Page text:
Page encourages teachers to use students’ cellphones as tools in their teaching. The school provides periodic professional development throughout the year to teachers on how they can leverage the devices in their instruction—whether it be to have students look up additional information in class, access materials, use online calculators, or make videos for class projects. From science teachers to music teachers, cellphones present a lot of helpful opportunities for educators, Page said.

“We use it in our choir. Our choir teacher now makes it a recommendation that the kids have to find their pitch on their own without using the piano, […] they use their phone to play a G or B cord for them,” Page said. “It’s allowed us a little more freedom in our teaching space. In our school we have two outdoor classrooms, so it’s given us more freedom to teach in better, more unique spaces instead of trapped [in] the classroom with all of the Chromebooks because that’s the only technology we have.”

The cellphone policy isn’t a total free-for-all, Page emphasized. Even though teachers are encouraged to find uses for students’ cellphones, they ultimately have the authority to make the rules for their own classrooms and can tell students to put away their phones at any time, Page said.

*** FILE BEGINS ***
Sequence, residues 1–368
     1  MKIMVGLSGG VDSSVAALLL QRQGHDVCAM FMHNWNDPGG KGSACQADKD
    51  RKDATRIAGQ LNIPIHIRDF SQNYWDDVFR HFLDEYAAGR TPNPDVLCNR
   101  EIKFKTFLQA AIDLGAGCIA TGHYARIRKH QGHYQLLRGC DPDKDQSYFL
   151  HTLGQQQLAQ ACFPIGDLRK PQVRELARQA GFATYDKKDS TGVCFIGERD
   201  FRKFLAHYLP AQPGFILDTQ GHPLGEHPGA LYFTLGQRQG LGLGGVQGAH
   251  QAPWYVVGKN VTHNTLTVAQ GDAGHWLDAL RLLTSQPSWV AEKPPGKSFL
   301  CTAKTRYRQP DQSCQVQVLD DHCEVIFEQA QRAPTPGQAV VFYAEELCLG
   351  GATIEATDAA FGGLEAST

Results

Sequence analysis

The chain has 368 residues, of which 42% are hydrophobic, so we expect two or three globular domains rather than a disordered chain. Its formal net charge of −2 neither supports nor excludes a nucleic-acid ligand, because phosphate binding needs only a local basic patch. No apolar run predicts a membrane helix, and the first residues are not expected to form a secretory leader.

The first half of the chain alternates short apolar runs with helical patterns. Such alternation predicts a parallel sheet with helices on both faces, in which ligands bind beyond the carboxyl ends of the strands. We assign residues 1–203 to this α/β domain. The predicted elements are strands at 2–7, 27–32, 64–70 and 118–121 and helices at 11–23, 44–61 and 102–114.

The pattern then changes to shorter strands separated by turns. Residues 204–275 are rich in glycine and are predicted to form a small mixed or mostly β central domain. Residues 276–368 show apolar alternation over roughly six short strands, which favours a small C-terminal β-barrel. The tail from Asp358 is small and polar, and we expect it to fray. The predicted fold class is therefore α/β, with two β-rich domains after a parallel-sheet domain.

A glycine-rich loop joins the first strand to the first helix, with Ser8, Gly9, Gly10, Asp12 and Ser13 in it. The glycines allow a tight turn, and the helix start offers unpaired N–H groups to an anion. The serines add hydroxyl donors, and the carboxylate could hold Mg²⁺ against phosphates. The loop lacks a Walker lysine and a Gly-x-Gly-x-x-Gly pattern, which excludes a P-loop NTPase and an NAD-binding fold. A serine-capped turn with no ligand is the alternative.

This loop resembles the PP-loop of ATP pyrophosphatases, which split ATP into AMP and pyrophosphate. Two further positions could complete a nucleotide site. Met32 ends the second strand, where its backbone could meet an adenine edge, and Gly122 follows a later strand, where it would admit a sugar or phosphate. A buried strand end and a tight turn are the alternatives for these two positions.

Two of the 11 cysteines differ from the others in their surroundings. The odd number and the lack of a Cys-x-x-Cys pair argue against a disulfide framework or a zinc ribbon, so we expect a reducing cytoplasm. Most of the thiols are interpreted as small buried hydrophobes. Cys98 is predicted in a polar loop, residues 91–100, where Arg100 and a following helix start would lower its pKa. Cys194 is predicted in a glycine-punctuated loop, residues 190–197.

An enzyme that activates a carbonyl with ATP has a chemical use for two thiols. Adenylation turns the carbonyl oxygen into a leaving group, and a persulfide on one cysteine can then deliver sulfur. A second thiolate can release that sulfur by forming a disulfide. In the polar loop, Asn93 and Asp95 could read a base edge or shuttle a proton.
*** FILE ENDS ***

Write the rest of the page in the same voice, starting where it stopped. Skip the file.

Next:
If kids use their phones inappropriately—such as a student ignoring a teacher who has asked for the phone to be put away—they get two warnings before the teacher is allowed to confiscate the phone. Students can retrieve it from Page’s office later.

The school is also using more technology that requires students to have cellphones, said Page.

School administrators also frequently communicate important information to students on social media—for instance, all updates regarding this year’s prom are posted on the school’s Instagram account. Page even hosted a schoolwide scavenger hunt this year where he dropped clues on Instagram.

And the school is adopting digital ID badges which will require students to use their phones, Page said. The pandemic changed his school’s relationships with technology

“Just like most people in the country, technology became so much of a necessity,” Page said. “When COVID hit, [after] our dive into technology, we chose not to come out of the pool, and we decided to keep utilizing the technology in our classrooms.”

Overall, Page said the policy has been working well, even with some of the challenges it creates—such as kids constantly reaching out to their parents during the school day instead of taking their issues to the school counselor. The school also has to have a supply of iPads on hand for those students who forget their phones so they can still participate in class activities.

And, Page admits, cellphones can still cause distractions—he used an example of a student ordering lunch from Uber Eats during class.

But he said the school hasn’t descended into anarchy either. Only about 10 times a year, Page estimates, do students get their cellphones taken away from them.

The way Page sees it is that cellphones are here to stay and it’s the job of a high school to teach students how to use them productively.

“We are in the business of preparing kids for the next step,” he said. “There aren’t many college campuses that have no cellphones whatsoever. It’s about responsible use, and we have a duty to teach kids about responsible use.”